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REVIEW: "PGP & GPG: Email for the Practical Paranoid", Michael W. Lucas

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  • Rob, grandpa of Ryan, Trevor, Devon & Ha
    BKPGPGPG.RVW 20060823 PGP & GPG: Email for the Practical Paranoid , Michael W. Lucas, 2006, 1-59327-071-2, U$24.95/C$32.95 %A Michael W. Lucas
    Message 1 of 1 , Oct 9, 2006
    • 0 Attachment
      BKPGPGPG.RVW 20060823

      "PGP & GPG: Email for the Practical Paranoid", Michael W. Lucas, 2006,
      1-59327-071-2, U$24.95/C$32.95
      %A Michael W. Lucas mwlucas@...
      %C 555 De Haro Street, Suite 250, San Francisco, CA 94107
      %D 2006
      %G 1-59327-071-2
      %I No Starch Press
      %O U$24.95/C$32.95 415-863-9900 fax 415-863-9950 info@...
      %O http://www.amazon.com/exec/obidos/ASIN/1593270712/robsladesinterne
      http://www.amazon.co.uk/exec/obidos/ASIN/1593270712/robsladesinte-21
      %O http://www.amazon.ca/exec/obidos/ASIN/1593270712/robsladesin03-20
      %O Audience n- Tech 1 Writing 2 (see revfaq.htm for explanation)
      %P 196 p.
      %T "PGP & GPG: Email for the Practical Paranoid"

      The introduction states that while the book does cover foundational
      encryption concepts, it is primarily intended to explain the
      appropriate use of the PGP (Pretty Good Privacy) and GPG tools. This
      preamble also provides a history and description of PGP, OpenPGP, and
      GnuPG. The rudimentary outline is good, but does have some errors: an
      ITAR (International Traffic in Arms Regulations) offence would be a
      criminal (rather than civil) matter so the US government never did
      launch a lawsuit against software author Phil Zimmermann (although
      other lawsuits were launched surrounding the program), and the program
      was produced before the book of the source code was published. (Lucas
      also retails the myth that the NSA has a secret computer that can
      crack the strongest of encryption algorithms: to those who truly do
      understand encryption technology the suggestion is patently absurd.)

      Chapter one outlines the basics of cryptography, but adds more errors:
      for example, a code doesn't relate to concealment, and substitution is
      not the only form of ciphering. While the explanations are sometimes
      far from clear, generally the ideas are presented reasonably, although
      in a simplistic manner. (Here and at other places in the book, Lucas
      attempts to inject the occasional note of levity. As with similar
      attempts by other authors, these jokes will not help the reader to
      understand or remember of the material. However, at least Lucas keeps
      the quips to a minimum, and they aren't too annoying.) Elementary
      components of OpenPGP are related in chapter two. Installation
      instructions for PGP Desktop are provided in chapter three, along with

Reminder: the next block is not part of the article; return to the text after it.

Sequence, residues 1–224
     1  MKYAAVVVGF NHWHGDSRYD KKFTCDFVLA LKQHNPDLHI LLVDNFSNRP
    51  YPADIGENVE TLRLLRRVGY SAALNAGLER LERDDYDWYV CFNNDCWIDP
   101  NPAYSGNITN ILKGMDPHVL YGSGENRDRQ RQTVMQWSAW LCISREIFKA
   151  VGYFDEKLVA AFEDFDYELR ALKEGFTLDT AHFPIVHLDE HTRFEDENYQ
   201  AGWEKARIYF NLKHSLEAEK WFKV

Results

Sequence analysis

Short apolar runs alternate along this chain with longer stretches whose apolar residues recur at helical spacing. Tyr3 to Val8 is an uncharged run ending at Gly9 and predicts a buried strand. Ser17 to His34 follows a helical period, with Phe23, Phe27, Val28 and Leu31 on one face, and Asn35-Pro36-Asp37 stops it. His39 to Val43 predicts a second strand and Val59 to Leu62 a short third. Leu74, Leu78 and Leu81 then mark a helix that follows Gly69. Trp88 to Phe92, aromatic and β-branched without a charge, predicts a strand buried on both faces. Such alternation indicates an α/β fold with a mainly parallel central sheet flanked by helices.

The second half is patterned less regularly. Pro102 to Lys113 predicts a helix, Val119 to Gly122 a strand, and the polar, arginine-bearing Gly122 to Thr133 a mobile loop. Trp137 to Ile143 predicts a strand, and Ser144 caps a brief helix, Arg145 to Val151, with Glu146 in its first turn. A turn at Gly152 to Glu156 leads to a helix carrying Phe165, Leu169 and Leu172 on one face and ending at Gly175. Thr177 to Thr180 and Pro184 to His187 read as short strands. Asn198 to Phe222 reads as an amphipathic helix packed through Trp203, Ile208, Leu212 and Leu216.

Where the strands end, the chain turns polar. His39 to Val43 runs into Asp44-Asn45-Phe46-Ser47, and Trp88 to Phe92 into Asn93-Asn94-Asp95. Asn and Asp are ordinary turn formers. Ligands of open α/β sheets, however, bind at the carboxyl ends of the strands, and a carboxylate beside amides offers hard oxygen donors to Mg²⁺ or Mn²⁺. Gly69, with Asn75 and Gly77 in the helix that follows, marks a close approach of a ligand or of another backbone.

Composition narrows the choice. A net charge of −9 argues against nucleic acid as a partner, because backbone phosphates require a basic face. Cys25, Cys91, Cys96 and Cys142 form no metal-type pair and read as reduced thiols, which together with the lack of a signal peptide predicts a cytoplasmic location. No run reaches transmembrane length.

additional suggestions and information about locations for keys.
      These are useful for those with an intermediate or advanced level of
      familiarity with Windows, but there is insufficient detail or
      explanation provided for novice users, who appear to be the most
      appropriate target audience for thia book. Chapter four deals with
      the installation of GnuPG and the Windows Privacy Tray (WinPT)
      graphical front end, and more details are provided for this form,
      although the definition is still weak. Specific operations and
      activities regarding the building and use of the Web of Trust are
      outlined in chapter five, but the implications and underlying concepts
      are not explained well even though some of the more esoteric
      ramifications are mentioned. Key management dialogue boxes are
      described for PGP in chapter six, and GnuPG in seven. Chapter eight
      is an introduction to the idea of (and some of the problems with)
      using OpenPGP with email. Various settings for PGP and email are in
      chapter nine. Installation of plugins for GnuPG and the Outlook,
      Outlook Express, and Thunderbird mailers is described in chapter ten.
      Various warnings about using PGP and GnuPG are sounded in chapter
      eleven. Most are reasonable, but some betray a lack of background
      (SHA-1 is more susceptible to the birthday attack than to forgery).

      This could be a helpful guide if you are new to encryption and wish to
      install and use PGP Desktop or GnuPG. However, note that the
      background information is limited, and sometimes inaccurate. For most
      users this will not be an issue. More importantly, beyond the basic
      operations of the programs there is little in the way of advice on the
      finer points of "appropriate" use of encryption services. A handy
      guide to obtaining and installing the software, but, beyond that, you
      are pretty much on your own.

      copyright Robert M. Slade, 2006 BKPGPGPG.RVW 20060823


      ====================== (quote inserted randomly by Pegasus Mailer)
      rslade@... slade@... rslade@...
      Reading is to the mind what exercise is to the body.
      - Joseph Addison
      Dictionary of Information Security www.syngress.com/catalog/?pid=4150
      http://victoria.tc.ca/techrev/rms.htm
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